(2) Runways and ramps constructed for the use of persons only shall be at least 18 inches in width and shall be constructed of planking at least two inches thick full size or metal of equivalent strength. Such surface shall be substantially supported and braced to prevent excessive spring or deflection. Where planking is used it shall be laid close, butt jointed and securely nailed.

(3) Runways and ramps constructed for the use of wheelbarrows, power buggies, hand carts or hand trucks shall be at least 48 inches in width. Such runways and ramps shall be constructed of planking at least two inches thick full size or metal of equivalent strength. Such runways and ramps shall be substantially supported and braced to prevent excessive spring or deflection. Where planking is used on such runways and ramps, it shall be laid close, butt jointed and securely nailed. . . .

The record before the Court suggests a question of fact as to the violation of this regulation. The boards were being placed on the ground for use of construction machinery. In addition, plaintiff's testimony is that she had been instructed to walk across the boards as she continued to construct the wooden path. Dkt. #157-2, pp.43, 53. Whether the appropriate thickness of the boards was at least two inches or at least three inches, plaintiff's proposed expert testified that the two by ten or two by twelve boards which were used were less than two inches thick. Dkt. #163-7, p.8. Moreover, the boards were not secured and were described as warped, uneven and bouncy. Dkt. #163-3, pp.3-6; Dkt. #163-4, p.8. Accordingly, Cleveland Wrecking's motion for summary judgment is denied with respect to this aspect of plaintiff's cause of action.

12 N.Y.C.R.R. § 23-1.33(d)(2)

Cleveland Wrecking argues that 12 N.Y.C.R.R. § 23-1.33(d)(2) is a general safety standard which is insufficient to support a cause of action pursuant to Labor Law § 241(6). Dkt. #164, p.7. In any event, Cleveland Wrecking argues that this regulation does not apply to workers on a construction site. Dkt. #164, p.7.

Plaintiff responds that the Appellate Division, Fourth Department's most recent decision regarding this regulation establishes that 12 N.Y.C.R.R. § 23-1.33(d)(2) may support a cause of action pursuant to Labor Law § 241(6) and that this regulation is not limited to pedestrians. Dkt. #164, pp.18-19.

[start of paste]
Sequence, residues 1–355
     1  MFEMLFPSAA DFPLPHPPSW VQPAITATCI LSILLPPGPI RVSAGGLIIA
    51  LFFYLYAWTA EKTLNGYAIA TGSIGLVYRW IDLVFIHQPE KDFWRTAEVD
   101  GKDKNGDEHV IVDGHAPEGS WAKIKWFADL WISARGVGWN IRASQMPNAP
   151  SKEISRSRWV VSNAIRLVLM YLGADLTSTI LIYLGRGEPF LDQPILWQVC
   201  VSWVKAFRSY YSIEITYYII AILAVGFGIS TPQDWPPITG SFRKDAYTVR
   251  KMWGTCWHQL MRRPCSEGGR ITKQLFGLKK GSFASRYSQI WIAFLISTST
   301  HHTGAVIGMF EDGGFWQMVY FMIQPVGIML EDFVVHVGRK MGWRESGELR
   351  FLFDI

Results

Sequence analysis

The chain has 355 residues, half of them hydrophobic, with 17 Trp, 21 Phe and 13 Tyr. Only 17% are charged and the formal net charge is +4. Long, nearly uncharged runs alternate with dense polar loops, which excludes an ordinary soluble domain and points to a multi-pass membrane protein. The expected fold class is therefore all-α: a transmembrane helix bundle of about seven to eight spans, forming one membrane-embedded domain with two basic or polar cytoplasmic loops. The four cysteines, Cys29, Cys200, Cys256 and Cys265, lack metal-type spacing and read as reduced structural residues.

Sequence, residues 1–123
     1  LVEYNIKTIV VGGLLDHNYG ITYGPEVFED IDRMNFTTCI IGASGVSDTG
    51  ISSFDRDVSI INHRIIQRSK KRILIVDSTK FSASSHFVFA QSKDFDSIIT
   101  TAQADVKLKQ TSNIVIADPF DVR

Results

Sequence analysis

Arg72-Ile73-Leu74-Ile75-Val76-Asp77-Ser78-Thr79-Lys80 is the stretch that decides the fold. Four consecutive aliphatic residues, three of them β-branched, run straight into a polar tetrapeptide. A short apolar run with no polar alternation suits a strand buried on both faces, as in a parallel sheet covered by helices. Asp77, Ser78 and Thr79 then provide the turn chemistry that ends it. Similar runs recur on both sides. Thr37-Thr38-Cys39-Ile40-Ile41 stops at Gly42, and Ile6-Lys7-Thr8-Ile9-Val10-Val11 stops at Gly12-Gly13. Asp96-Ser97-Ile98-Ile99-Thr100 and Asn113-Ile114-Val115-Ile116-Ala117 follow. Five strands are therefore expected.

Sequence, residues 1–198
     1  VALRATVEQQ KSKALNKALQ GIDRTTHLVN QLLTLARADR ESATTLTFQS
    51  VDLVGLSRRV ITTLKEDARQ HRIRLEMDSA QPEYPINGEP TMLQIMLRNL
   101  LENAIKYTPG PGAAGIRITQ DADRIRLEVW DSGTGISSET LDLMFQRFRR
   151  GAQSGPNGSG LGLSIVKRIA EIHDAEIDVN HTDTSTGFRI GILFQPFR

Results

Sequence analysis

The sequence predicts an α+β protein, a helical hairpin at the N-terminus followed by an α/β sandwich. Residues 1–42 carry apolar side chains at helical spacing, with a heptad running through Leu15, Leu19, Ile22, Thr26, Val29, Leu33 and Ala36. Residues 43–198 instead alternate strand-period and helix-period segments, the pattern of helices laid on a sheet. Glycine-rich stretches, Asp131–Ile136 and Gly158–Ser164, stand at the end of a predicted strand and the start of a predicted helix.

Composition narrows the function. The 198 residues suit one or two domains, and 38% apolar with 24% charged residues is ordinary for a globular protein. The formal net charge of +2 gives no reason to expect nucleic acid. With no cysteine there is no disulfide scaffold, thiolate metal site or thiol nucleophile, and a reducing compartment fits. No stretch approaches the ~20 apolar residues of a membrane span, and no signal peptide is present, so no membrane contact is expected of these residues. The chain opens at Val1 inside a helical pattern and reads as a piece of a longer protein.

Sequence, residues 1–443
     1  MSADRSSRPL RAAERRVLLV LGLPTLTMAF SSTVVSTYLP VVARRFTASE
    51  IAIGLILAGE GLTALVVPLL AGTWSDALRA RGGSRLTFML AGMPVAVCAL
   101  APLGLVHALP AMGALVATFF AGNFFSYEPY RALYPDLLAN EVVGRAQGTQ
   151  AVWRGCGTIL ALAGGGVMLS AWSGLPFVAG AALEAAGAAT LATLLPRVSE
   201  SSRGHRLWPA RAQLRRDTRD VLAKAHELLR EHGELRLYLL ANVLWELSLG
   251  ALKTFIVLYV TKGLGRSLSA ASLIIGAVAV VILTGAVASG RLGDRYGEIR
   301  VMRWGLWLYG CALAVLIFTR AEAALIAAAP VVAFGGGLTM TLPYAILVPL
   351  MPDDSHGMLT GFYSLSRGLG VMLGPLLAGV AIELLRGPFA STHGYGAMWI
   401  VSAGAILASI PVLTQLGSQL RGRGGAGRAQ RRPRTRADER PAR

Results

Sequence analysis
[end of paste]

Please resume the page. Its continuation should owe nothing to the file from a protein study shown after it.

12 N.Y.C.R.R. § 23-1.33 is titled, "Protection of persons passing by construction, demolition or excavation operations." Thus, this regulation "applies to persons passing by construction operations and not to workers, such as plaintiff, on a construction site." Lawyer, 275 A.D.2d at 542; see also Mancini v. Pedra Construction, 293 A.D.2d 453, 454 (2d Dep't 2002) ("12 NYCRR 23-1.33 does not apply to workers on a construction site."). Accordingly, the Court need not resolve the alleged conflict as to whether 12 N.Y.C.R.R. § 23-1.33 is sufficiently specific to support a cause of action pursuant to Labor Law § 241(6). Cleveland Wrecking's motion for summary judgment is granted with respect to this aspect of plaintiff's cause of action.

CONCLUSION

For the foregoing reasons, defendant's motion for summary judgment (Dkt. #155), is granted in part and denied in part. Plaintiff may proceed to trial with her cause of action pursuant to New York Labor Law § 241(6), as supported by Industrial Code Regulations 23-1.7(d) and 23-1.22(b).

Motions in limine are due Monday, October 2, 2006. Responses are due Monday, October 9, 2006. Replies are due Friday, October 13, 2006, at which time the motions will be taken under advisement. Pretrial statements are due Friday, October 13, 2006. Trial is set for Monday, October 23, 2006 at 10:00 a.m.

SO ORDERED.

Buffalo, New York

20060918

© 1992-2006 VersusLaw Inc.